Antarctica heat wave brings enormous temperature jump

Antarctica heat wave brings enormous temperature jump

This undated photo provided by the National Oceanic and Atmospheric Administration (NOAA) in May 2018 shows aurora australis near the South Pole Atmospheric Research Observatory in Antarctica. (Photo: NOAA)
This undated photo provided by the National Oceanic and Atmospheric Administration (NOAA) in May 2018 shows aurora australis near the South Pole Atmospheric Research Observatory in Antarctica. (Photo: NOAA)

A heat wave in Antarctica earlier this month was so extreme that it may be the largest temperature increase above normal ever recorded, according to Robert Rohde, lead scientist at the non-profit Berkeley Earth, who analysed global records.

The temperature at Concordia research station, a European outpost in East Antarctica, measured almost 70 degrees Fahrenheit (38.5 degrees Celsius) hotter than normal on March 18, reaching a high of 11C. (As warm as that is for the region, it is still below freezing.) Though this is not a category weather services track, Rohde said it may be the biggest margin ever.

Temperature record-keeping in Antarctica by satellite goes back only to the early 1980s — not a huge amount of time, with sparse data, compared with warmer and more populous regions to the north. This short record, combined with strong natural variability normal for the area, makes it premature to characterise the role global warming may have played in the event.

“It's difficult to say anything other than I'd be surprised if there wasn't a climate change signal,” said Friederike Otto, senior lecturer in climate science at Imperial College London, and head of World Weather Attribution, which scrutinizes extreme events for human influence. “But I also don't expect it to be as clear-cut and overwhelming as in the Canada case last year.”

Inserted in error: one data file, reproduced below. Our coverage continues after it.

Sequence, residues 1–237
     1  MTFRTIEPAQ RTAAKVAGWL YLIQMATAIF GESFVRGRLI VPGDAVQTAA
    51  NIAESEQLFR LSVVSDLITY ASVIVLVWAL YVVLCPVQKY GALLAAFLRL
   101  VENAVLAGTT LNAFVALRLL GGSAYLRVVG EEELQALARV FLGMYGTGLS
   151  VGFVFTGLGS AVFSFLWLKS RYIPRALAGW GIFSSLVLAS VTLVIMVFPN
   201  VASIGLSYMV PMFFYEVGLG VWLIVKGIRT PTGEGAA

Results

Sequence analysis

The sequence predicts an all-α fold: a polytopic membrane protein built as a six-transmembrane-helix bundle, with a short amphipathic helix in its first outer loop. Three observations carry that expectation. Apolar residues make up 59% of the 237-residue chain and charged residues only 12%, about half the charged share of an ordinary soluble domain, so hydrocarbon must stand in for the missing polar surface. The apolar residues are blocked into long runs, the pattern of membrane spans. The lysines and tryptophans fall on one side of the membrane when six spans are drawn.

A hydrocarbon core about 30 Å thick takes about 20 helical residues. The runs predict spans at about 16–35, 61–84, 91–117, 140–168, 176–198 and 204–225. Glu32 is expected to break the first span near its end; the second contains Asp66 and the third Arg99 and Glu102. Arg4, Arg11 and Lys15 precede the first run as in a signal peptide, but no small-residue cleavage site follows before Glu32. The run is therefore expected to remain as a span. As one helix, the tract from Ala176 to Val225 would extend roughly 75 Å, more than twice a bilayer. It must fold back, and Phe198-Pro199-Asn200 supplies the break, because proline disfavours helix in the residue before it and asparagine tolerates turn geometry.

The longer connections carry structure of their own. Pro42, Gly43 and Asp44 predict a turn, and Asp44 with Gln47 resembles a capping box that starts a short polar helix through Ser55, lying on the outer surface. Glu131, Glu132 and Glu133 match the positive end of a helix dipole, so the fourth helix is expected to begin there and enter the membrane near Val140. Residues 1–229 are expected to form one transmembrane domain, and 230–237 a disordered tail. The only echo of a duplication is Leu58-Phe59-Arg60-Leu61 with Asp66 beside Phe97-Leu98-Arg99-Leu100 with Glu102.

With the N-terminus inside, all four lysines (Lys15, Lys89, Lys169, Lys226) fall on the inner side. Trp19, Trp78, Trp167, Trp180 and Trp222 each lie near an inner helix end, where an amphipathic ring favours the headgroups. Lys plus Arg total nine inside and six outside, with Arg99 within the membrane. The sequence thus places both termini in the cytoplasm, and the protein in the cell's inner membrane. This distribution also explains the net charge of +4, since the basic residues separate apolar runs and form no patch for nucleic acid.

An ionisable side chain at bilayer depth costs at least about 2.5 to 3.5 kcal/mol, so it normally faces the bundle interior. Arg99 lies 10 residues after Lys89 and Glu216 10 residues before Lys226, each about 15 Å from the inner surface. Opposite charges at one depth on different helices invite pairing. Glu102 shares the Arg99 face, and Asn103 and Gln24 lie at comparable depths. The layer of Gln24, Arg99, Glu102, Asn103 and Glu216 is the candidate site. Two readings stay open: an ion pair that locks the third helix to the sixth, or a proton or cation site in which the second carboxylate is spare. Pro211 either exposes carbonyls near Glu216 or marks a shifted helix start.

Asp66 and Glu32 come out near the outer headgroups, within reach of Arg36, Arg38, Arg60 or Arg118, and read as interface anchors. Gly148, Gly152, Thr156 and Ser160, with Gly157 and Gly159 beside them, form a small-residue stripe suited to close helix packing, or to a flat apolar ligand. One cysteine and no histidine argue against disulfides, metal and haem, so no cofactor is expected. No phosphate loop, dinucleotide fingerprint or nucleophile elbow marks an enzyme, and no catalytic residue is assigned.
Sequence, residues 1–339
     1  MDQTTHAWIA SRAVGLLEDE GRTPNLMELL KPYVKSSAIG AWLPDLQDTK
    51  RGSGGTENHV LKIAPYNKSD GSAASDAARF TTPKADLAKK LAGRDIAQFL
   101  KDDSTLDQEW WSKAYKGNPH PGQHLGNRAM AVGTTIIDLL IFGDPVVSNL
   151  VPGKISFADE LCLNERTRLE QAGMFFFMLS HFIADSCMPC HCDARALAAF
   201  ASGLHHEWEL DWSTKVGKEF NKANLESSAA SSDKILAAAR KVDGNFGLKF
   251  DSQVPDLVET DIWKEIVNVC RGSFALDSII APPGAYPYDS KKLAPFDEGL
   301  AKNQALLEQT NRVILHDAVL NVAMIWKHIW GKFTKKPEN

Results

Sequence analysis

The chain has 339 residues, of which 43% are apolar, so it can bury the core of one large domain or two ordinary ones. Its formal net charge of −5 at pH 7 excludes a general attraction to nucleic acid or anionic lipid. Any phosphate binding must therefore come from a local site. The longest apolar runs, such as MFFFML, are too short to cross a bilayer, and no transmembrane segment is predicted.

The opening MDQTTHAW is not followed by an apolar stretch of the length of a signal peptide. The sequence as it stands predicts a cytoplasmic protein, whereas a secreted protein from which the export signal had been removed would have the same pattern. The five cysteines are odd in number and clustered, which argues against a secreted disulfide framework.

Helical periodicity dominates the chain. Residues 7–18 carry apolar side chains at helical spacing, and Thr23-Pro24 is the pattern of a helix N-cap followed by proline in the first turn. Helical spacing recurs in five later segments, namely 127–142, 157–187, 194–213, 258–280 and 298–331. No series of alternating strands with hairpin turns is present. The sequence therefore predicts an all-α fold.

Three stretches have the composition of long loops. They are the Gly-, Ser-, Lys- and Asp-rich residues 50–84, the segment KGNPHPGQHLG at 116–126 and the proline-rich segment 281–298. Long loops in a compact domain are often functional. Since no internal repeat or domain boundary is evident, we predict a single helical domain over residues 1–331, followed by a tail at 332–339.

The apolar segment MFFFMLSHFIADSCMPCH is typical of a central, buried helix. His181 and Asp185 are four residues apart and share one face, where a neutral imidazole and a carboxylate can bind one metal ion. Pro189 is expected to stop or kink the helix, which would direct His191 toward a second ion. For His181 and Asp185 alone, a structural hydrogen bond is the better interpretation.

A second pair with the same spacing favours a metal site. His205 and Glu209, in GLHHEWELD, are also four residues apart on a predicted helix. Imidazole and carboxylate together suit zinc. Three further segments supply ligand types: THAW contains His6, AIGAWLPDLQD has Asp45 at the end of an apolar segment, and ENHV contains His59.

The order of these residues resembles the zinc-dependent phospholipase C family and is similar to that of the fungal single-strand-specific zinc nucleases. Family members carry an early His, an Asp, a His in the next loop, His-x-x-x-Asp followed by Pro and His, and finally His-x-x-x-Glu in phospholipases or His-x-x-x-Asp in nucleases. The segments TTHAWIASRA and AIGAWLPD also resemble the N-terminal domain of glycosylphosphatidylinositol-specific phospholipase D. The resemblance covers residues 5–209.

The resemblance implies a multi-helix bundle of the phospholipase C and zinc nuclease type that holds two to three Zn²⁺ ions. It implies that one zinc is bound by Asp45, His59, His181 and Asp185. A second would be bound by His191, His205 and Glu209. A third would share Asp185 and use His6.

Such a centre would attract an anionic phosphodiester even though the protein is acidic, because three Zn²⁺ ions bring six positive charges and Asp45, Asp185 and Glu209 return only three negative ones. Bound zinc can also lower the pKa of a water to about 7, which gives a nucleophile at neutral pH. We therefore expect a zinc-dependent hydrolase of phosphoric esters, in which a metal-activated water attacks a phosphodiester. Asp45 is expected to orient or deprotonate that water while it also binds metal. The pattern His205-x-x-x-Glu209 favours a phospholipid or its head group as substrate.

In June, an unprecedented heat wave over the western temperate United States-Canada border pushed temperatures into the triple digits and held them there for days. Lytton, British Columbia, broke Canada's 84-year-old heat record three days in a row, before it was consumed by wildfire. The heat wave in Antarctica was at least as competitive in shock value.

“It gives the June 2021 Pacific Northwest heat wave a run for its money,” said Peter Neff, assistant research professor in glaciology at the University of Minnesota. “I don't think the penguins minded too much about a little heat like this,” he said, but if such a jump occurred in places where people live, “that would have been super dangerous.'

Jonathan Wille, an Antarctic meteorologist and climatologist at Grenoble Alpes University, also likened the enormity of the heat wave to the June 2021 event in that it 'was completely unprecedented and redefined what we thought was possible from the climate system,' he said. He said he agreed with the Rohde’s analysis. 

The heat rode in on an atmospheric river, a jet of wet, warm air that glides through the sky between high and low pressure systems. The phenomenon dropped an enormous amount of snow, which can help protect the area against future heat waves.

The heat likely triggered the collapse of the Conger ice shelf, which had not been a top-line worry for many scientists but caught their attention when it disintegrated in two weeks. Scientists closely follow events in West Antarctica, where fragile ice shelves are holding back glaciers that could over time raise sea levels by catastrophic levels. The Conger, by contrast, sat at the end of relatively flat bedrock, with little opportunity for massive amounts of ice behind it to slide toward the sea. 

“I don't want people to get scared too much about this event. This ice shelf was in rough shape,” Neff said, adding it had been there for thousands of years. “Very few people really even gave the Conger ice shelf the time of day until it collapsed.”

Scientists walk among a colony of Adelie penguins while investigating the impact of climate change on Antarctica's penguin populations, on the eastern side of the Antarctic Peninsula, Antarctica, Jan 16, 2022. (Photo: Reuters)


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